The official site of the Journalism Education Association of New Zealand (Jeanz)
Hamilton conference papers
The conference began with a computer-assisted research and reporting seminar, organised jointly with the JTO. Other highlights included sessions on investigative journalism, gender in the newsroom, writing skills, a study of Listener covers, shorthand, sports reporting, and reporting natural disasters.
Moderation and unit standards teams formed
New membership category
AUT Jeanz/JEA conference: Call for Papers
Themed “Journalism Downunder: the future of the media in the digital age”, the conference will feature keynote addresses, research paper presentations and panel discussions relating to the theme. Papers will also be accepted on other issues in the field of journalism education or the media in general.
It is hoped the conference will attract not only journalism educators from New Zealand, Australia and the Pacific Rim, but members of the media, students and all those with an interest in the interface between journalism education and the industry it serves. Conference details, accommodation and tourist information about Auckland is being added to the conference website.
Those who wish to have their papers refereed should send a 250 word abstract by email before September 1, 2006. Others should send their abstracts to reach organisers by October 1.
Email abstracts to: Allison Oosterman, Conference Convenor, School of Communication Studies, Auckland University of Technology firstname.lastname@example.org Please put “JEANZ/JEA abstract” in your title. AO/AL
New editor needed for Intro
The only chapters updated since the book first appeared are the one on New Media by Nigel Horrocks, and the early chapter on the history/background of the newspaper industry. The photographic chapter was written in the days of film negatives, so that and probably most of the chapters involving changing technology (radio, TV, etc) need redoing.
Current editor Jim Tucker says his JTO job leaves no time for such a project. The new editor would probably need to write a few chapters, but the bulk of the task would be commissioning writers for all the other chapters and sub-editing the material.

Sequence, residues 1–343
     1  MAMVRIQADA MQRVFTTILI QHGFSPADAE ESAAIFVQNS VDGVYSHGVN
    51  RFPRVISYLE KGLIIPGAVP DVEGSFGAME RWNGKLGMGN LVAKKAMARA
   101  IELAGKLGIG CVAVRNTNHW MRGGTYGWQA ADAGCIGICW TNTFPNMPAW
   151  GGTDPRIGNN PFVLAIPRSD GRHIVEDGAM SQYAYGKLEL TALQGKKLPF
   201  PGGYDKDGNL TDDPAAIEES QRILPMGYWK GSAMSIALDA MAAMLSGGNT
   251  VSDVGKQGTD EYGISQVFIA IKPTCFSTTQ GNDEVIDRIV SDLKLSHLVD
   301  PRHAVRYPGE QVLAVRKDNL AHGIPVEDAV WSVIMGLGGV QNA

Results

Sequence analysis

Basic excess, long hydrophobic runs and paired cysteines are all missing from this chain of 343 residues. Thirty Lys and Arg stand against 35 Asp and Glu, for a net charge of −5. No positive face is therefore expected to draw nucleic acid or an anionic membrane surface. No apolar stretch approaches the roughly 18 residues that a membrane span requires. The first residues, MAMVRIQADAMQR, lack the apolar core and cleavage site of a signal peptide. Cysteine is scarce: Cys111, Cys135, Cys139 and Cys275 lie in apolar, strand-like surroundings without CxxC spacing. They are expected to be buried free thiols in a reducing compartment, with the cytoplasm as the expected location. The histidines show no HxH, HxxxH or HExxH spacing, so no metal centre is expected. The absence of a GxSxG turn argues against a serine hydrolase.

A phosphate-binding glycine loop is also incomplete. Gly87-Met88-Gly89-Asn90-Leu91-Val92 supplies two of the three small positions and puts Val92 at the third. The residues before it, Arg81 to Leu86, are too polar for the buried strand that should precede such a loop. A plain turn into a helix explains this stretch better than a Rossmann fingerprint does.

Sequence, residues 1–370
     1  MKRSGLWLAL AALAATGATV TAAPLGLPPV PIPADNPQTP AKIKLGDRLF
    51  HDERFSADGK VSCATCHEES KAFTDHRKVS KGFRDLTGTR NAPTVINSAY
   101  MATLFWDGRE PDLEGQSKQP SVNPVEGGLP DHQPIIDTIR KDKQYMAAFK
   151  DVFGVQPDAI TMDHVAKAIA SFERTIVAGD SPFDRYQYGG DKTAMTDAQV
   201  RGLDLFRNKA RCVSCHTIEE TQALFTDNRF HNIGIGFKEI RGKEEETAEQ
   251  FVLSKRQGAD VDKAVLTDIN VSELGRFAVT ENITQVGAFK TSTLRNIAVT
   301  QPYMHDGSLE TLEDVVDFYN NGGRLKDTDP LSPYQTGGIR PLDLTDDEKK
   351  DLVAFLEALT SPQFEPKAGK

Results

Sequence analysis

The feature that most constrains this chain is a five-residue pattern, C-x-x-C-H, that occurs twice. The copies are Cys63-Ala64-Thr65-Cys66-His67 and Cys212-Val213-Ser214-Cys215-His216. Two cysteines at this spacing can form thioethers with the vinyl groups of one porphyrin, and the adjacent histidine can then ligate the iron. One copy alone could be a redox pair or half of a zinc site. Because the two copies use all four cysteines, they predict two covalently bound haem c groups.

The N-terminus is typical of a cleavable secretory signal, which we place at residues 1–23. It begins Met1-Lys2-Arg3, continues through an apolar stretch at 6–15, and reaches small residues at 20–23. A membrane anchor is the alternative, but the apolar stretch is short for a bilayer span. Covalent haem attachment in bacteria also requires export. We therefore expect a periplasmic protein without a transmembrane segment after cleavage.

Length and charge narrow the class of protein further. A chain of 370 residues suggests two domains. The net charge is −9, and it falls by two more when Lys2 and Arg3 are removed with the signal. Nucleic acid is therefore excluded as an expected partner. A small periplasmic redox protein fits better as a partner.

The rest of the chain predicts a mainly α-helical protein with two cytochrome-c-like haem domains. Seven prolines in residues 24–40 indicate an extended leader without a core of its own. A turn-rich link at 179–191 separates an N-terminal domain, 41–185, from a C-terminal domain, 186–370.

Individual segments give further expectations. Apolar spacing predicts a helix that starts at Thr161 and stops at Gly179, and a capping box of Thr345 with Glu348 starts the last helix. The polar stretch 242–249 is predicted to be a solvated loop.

Expressions of interest, via email, to the JTO before the end of February. JT/AL
Jeanz members to get copies of PJR
Two editions of PJR, published by Auckland University of Technology's School of Communication Studies, will be produced this year, the first scheduled for April focusing on gender issues. Jeanz will pay PJR $35 per copy for each member - a saving of $10 on the individual subscription price. PJR will publish a special edition containing selected papers from the 2005 JEA/JEANZ conference in April 2007. DR/AL
Incorporation on the cards
Te Waha Nui wins Ossie for best newspaper
The two-year-old publication won against four finalists from Australia and Fiji. All were print publications, although some included online editions.
Judge Wendy Page, producer of ABC TV’s Australian Story, said Te Waha Nui had broad appeal. “It provides good news stories and good features with broad appeal, and is well written. It’s clearly a huge commitment for student journalists to produce work of this calibre for a fortnightly publication.
“I think the standard is equal to, if not better than, many commercial newspapers. Te Waha Nui is not as glossy as some of the other publications, but the substance of the content won the day for me.”
Page highly commended a rival contender, The Point, a student-produced inner city community newspaper published by the University of Technology, Sydney.